This is part of a series on Washington D.C. with kids. Most of the attractions in Washington D.C. are free, even if they’re not part of the Smithsonian complex. That said, here’s one museum that’s worth the money you pay.
Newseum turned out to be my daughter’s favorite museum on our trip, and I loved it as well. In fact, after spending 2.5 hours at it one day, we went back the next day to catch what we missed (the tickets allow a 2 day consecutive entry at no extra cost).
Be a Reporter: Reading your news, weather or sports story into the camera (your choice of backdrop). For $5, you get a (cheap) photo of you on TV, and instructions on accessing the video online. (If I’m able to permanently download it, I’ll post the link here. For now, I can only figure out how to access it for 30 days). The kids had a great time doing this, and Dori loved that her blue shirt was the same color as the screen, and her shirt essentially disappeared on camera.
The Elevator – not kidding! The huge, glass express elevator takes you from the concourse (basement) to the 6th floor, giving you museum information along the way. We rode it several times. Because we could.
Front Pages Gallery – see that day’s newspaper front pages from around the world (outside and also on the 5th floor).
Capitol View – great photo ops on the 6th floor with the capitol in the background. Holiday photo!
4-D Movie – a 15 minute movie with 3-D effects on screen, along with moving chairs, air and other elements. Though they warn you about motion sickness, it was actually fine. The movie (I-Witness) told the story of three reporters through the ages. The kids really liked it. Lots of other movies throughout Newseum, including favorites like one on the role of the presidential photographer and one on your guaranteed rights (like freedom of the press, freedom of assembly…)
9/11 Gallery – skip this if your kids aren’t aware of 9/11. They have one of the broadcasting towers from the Twin Towers on display, along with a wall of newspapers from around the world from the day after the attack.
G-Men and Journalists Exhibit – this special exhibit was fascinating, showing the media’s role in federal law enforcement cases like the Unabomber, the Lindburgh baby kidnapping, 9/11 attacks, Waco, and others. Most interesting are the artifacts, like the Unabomber’s actual cabin that he lived in for 20 years (see above), Richard Reid’s shoe bomb (see below – plus you’ll see the matches he used, the tranquilizers used to sedate him after, and his passport), an original final instruction letter to one of the 9/11 hijackers, and engine parts from a plane that hit the Twin Towers. Most chilling was a group of dust-covered cell phones pulled from the rubble, which rescue workers heard ringing for days following the attack. (As for the shoe bomb, we could more easily explain to the kids that this is why we have to remove our shoes when going through security).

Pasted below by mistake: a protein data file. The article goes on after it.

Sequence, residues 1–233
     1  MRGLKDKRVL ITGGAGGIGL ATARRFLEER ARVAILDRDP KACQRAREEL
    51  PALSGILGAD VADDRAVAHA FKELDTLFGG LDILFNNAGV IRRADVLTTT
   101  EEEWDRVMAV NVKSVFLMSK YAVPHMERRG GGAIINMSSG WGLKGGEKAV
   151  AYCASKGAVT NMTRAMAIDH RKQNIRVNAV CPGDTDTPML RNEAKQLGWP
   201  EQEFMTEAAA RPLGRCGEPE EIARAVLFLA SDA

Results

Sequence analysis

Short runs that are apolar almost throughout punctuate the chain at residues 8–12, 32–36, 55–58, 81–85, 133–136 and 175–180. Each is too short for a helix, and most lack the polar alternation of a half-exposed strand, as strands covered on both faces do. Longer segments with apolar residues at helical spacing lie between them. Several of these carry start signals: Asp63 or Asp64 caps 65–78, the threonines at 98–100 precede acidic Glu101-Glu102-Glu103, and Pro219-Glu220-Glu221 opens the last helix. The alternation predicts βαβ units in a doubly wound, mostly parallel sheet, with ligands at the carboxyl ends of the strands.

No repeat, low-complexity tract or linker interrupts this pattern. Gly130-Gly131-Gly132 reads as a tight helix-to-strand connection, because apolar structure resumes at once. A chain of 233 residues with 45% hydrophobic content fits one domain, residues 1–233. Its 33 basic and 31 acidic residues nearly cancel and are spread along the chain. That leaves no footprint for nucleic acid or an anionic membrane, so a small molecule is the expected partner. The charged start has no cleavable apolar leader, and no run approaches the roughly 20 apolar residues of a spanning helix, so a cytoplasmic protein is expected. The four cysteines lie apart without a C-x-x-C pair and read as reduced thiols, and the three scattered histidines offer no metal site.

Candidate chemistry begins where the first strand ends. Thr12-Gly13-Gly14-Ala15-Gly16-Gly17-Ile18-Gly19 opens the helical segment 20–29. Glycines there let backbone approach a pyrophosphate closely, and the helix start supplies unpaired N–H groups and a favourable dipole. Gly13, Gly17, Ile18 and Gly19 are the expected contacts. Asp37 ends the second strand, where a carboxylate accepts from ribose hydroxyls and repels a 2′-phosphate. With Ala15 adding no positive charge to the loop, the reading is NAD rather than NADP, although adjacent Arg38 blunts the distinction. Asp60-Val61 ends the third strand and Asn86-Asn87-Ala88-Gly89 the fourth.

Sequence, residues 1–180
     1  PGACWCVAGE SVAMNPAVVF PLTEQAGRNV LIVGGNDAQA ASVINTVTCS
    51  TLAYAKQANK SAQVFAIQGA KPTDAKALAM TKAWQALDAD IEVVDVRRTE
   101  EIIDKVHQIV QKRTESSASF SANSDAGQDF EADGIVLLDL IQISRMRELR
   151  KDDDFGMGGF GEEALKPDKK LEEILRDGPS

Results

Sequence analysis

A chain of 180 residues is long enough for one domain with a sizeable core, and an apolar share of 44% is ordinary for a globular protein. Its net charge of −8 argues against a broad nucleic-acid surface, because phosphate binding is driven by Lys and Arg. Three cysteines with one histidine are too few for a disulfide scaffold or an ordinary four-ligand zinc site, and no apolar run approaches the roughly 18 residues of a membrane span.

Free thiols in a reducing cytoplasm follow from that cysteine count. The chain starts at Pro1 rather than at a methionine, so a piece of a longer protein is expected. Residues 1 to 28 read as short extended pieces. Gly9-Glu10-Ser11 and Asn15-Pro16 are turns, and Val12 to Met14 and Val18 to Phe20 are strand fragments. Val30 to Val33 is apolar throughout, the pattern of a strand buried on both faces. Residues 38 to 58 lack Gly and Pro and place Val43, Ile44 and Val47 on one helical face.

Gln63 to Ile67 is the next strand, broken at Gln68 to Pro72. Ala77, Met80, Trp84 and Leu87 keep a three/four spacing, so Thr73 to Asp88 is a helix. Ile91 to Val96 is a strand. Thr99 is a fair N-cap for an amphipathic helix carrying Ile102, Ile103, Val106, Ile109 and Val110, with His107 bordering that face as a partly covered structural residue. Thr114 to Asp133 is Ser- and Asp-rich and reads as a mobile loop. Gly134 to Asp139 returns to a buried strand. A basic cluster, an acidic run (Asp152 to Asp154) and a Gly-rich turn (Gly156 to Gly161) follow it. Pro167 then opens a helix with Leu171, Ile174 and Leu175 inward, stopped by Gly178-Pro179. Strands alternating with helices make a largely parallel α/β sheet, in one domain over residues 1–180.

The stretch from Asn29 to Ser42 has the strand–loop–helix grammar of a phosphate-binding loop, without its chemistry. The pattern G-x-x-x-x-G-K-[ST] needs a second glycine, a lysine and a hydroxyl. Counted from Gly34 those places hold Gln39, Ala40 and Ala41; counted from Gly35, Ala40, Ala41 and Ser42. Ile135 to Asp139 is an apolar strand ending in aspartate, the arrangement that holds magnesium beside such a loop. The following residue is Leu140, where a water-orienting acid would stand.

Interactive Computers – most exhibits had interactive computers that allowed you to learn more about the news. The kids loved it. In the Be the Reporter area, you could play interactive games on how to report the news or take photos at a river rescue and pick the right photos for the story. There was an ethics game nearby, where you could be tested on ethical news reporting issues. (You’ll be pleased to know I beat everyone in my family)
Berlin Wall – see the largest section of Berlin Wall outside of Berlin, plus a guard tower in this exhibit which discusses freedom of speech (and other freedoms) during the times of Berlin’s division post World War II.
Pulitzer Prize Photos – the Newseum has walls of the Pulitzer Prize winning news photos over the years. Make sure your kids are mature enough to see them – many are horrific. If you have time to watch the videos interviewing the photographers, they’re interesting, explaining how they captured the shot and the stories behind them. This area was a bit much for my kids.
Momentoes: See one of the jacket and ties that OJ Simpson wore during his trial. See the box that Judge Ito used to stop the cameras for showing certain details of the trial. There are a lot of other artifacts sprinkled throughout the museum.
The Bathrooms – again, Not Kidding! The bathrooms contain newspaper headline bloopers collected by the Columbia Journalism Review.
Details: Tickets cost $22/adults, $13 for kids 7-18 (free for kids 6 and under). Get a family pass (2 adults, 2 kids) for $50 at the front desk. You can get advanced tickets and save 10% online (but you can’t get the family pass online). Free coat check. There’s a café inside, with kid-friendly (and adult-friendly) options including salad bar and desserts. Next door is the Source, a Wolfgang Puck restaurant. They make a big deal about the food court food being from his catering arm, but I didn’t think the food court food was “Wolfgang Puck” special. It was just fine. Note that when they search your bags at museum entry, they’ll let you know you can’t eat all that food in your backpack while you’re there.
All images are copyrighted to Deborah Abrams Kaplan. No reproduction allowed without written permission.
We received press tickets to Newseum, but all opinions are my own.
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